The wife and I got some time to go out tonight without the kid so we went to Gooski's. Might sound like a squandered night out to some people, but we had a great time.
Among the songs we played on the jukebox while we were there, having drinks and eating wings, I played "Out From Blown Speakers" by the New Pornographers and "Little Johnny Jewel" by Television. Talk about a couple of songs that'll get your heart pumping. I didn't realize that LJJ was the uncut full version of the song, without a fadeout in the middle. I love that song anyway, but when the second guitar solo kicks off, man, it goes into outer space. I think that's Verlane soloing there and there's that moment where he gets locked into a string-bend and it's like he's really trying to channel Coltrane. Maybe he doesn't actually get there, but the fact that he takes a shot at it and has no inhibitions or delusions of grandeur - you can FEEL it in the way he plays - makes it so powerful. Plus the rhythm section is really grooving too.
"Out from Blown Speakers" is from the second Pornographers album The Electric Version. Stop me if you've heard this one before, but when that came out in 2003 or so, I thought it was going to save the world. I hadn't heard their first album but this one hit me over the head with a seventh chord. That's the way pop music in the new millenium should sound, it seemed to tell me. I was working at Pulp at that time, and I remember saying something in print about how I only allow myself to get hyperbolic two or three times a year, and that album was one of those times. It was so good to hear it tonight. So good without making me feel bad about those days of my life being over. (One of my ex-Pulp co-horts was sitting with me at the time too, coincidentally.)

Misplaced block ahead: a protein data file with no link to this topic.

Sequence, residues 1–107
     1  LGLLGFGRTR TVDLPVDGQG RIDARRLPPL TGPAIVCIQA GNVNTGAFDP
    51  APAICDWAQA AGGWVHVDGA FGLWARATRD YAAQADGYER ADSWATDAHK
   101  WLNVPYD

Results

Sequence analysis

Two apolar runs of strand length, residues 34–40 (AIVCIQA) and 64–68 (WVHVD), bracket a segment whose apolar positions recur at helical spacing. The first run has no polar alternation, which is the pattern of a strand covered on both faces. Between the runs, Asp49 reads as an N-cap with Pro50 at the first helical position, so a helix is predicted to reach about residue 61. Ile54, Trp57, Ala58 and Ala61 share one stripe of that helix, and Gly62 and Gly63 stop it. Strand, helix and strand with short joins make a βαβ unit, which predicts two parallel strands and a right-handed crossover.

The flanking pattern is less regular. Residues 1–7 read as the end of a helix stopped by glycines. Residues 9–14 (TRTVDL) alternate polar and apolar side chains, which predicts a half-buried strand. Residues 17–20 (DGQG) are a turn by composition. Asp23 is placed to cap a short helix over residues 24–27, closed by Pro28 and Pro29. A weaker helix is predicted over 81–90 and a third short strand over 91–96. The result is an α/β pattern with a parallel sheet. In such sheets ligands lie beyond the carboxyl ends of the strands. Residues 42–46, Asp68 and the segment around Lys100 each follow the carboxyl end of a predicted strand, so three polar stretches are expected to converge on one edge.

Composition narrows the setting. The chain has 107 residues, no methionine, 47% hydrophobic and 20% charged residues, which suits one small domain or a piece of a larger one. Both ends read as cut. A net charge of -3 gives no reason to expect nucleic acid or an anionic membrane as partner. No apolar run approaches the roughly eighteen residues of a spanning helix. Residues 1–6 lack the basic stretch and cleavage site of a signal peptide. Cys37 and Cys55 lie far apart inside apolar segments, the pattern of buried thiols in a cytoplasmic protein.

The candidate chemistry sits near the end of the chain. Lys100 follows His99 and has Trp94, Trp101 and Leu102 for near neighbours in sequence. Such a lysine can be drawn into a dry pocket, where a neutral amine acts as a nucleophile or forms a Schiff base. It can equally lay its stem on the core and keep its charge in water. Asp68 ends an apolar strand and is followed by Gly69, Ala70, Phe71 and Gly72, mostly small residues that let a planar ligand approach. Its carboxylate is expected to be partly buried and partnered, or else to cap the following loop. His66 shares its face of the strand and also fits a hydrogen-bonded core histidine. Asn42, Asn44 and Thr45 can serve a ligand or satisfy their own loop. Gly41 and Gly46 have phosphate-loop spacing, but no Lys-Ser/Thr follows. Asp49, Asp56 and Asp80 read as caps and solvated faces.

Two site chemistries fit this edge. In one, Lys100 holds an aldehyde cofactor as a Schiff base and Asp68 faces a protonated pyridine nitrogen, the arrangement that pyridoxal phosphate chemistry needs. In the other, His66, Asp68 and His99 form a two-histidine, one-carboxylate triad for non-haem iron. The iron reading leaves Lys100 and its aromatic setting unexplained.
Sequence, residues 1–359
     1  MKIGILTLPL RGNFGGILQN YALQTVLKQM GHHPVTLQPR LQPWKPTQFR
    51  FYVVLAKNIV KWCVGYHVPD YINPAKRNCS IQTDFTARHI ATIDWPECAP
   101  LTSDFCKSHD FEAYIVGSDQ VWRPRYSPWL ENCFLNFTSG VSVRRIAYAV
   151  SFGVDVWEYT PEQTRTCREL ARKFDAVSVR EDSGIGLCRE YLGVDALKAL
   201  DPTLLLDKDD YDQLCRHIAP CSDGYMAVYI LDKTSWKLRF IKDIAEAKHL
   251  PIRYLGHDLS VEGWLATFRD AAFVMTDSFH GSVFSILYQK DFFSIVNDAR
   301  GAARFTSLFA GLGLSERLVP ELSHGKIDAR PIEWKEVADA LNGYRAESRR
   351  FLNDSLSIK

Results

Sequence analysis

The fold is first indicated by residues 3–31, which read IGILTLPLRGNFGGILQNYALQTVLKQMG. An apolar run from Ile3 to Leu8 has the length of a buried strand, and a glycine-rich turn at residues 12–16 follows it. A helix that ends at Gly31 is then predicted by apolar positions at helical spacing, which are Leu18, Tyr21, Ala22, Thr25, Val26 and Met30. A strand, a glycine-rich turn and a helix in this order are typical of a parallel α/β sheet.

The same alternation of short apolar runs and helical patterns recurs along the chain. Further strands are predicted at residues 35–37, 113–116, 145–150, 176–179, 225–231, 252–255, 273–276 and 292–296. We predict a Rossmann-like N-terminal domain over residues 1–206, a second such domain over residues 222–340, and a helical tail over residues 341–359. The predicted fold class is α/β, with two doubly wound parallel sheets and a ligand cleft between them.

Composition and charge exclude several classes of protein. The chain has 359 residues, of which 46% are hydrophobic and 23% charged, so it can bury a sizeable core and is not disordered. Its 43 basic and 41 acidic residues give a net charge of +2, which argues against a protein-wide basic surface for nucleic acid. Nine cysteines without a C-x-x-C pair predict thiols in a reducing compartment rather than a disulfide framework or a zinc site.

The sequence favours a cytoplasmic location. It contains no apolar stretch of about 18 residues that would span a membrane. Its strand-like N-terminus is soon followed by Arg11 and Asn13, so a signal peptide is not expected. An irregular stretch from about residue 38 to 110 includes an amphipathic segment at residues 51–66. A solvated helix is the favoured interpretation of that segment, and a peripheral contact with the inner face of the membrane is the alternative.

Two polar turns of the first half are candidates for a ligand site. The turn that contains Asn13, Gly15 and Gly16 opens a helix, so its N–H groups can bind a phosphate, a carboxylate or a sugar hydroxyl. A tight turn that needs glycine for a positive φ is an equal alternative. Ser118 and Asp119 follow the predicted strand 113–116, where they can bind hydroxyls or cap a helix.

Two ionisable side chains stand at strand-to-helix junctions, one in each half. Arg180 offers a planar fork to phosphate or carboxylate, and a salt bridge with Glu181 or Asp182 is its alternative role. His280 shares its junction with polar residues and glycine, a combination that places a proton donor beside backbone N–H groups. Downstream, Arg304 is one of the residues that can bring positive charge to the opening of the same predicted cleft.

Every Christmas Eve, I think back on certain Christmas Eves past and where I was. This year, I remembered 1981 in particular. That year, I was a freshman in high school. My great-aunt had just died a month prior, thus closing the door on that generation of the Cordic family to me. (My grandparents on that side had died before I was born.)
My brother John came over to spend Christmas Eve at the house and he brought with him a stack of vinyl by a bunch of bands I was largely unfamiliar with: okay, I knew Killing Joke but not their "Turned to Red" EP; Rip Rig & Panic's God was weird because it had a picture on the cover that appeared in Life, some band called the Birthday Party and an album called Prayers on Fire, which I thought had a song called "200 Music Girl" until I looked at the cover and realized it was "ZOO Music Girl."
There were probably a few others but those were the ones I remembered best. John played the solo piano track from RR+P in the living room and later we were in my room - me, Bre'r John, Tom and maybe young sister Claire - checking out the records. My piddly phonograph didn't have any bass signal which pissed John off.
It was a watershed time for me because I was just starting to realize that, yes, this punk rock stuff that John listens to is really speaking to me and this is what I'm into and besides if kids in school are going to ostracize me, well I ought to give them a good reason to ostracize me.
That same day, I got a package I mail ordered from a record store in California: I got a used copy of Moby Grape's Grape Jam (oy.......) and a new copy of Talking Heads '77 (hmmm, what's this herky jerky stuff all about?). That was the crossroads for me: '60s fanaticism giving way to more modern music. The next morning, Tom would give me a copy of King Crimson's Discipline.
And a few days later, I would venture into Heads Together and buy the copy of Still by Joy Division because John recommended it and because they covered "Sister Ray."
I had absolutely no reference point for dark music like that at that point. The cover of "Sister Ray" was the closest thing to a reference point, but that was only one track on a double album by a band that couldn't be bothered to list their band members' names.
But I kept playing it.
And Awaaaaay We Go!
4 years ago